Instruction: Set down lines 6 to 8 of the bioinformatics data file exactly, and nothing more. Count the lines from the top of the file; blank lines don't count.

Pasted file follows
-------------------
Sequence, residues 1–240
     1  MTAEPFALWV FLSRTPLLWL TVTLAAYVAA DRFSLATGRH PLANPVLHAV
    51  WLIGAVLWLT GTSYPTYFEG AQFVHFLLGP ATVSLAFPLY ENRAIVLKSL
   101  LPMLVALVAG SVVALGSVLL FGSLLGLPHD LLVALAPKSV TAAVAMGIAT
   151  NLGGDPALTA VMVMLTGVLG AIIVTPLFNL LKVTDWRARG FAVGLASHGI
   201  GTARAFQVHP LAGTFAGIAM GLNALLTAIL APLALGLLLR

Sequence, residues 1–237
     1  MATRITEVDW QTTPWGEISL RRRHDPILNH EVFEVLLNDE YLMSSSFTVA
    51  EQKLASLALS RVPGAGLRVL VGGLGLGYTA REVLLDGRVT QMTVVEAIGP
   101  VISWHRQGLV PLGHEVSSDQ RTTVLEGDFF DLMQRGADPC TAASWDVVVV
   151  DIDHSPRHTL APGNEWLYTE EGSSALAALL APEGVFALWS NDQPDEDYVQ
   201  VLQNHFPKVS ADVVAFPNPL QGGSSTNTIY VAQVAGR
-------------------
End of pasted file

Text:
   201  GTARAFQVHP LAGTFAGIAM GLNALLTAIL APLALGLLLR

Sequence, residues 1–237
     1  MATRITEVDW QTTPWGEISL RRRHDPILNH EVFEVLLNDE YLMSSSFTVA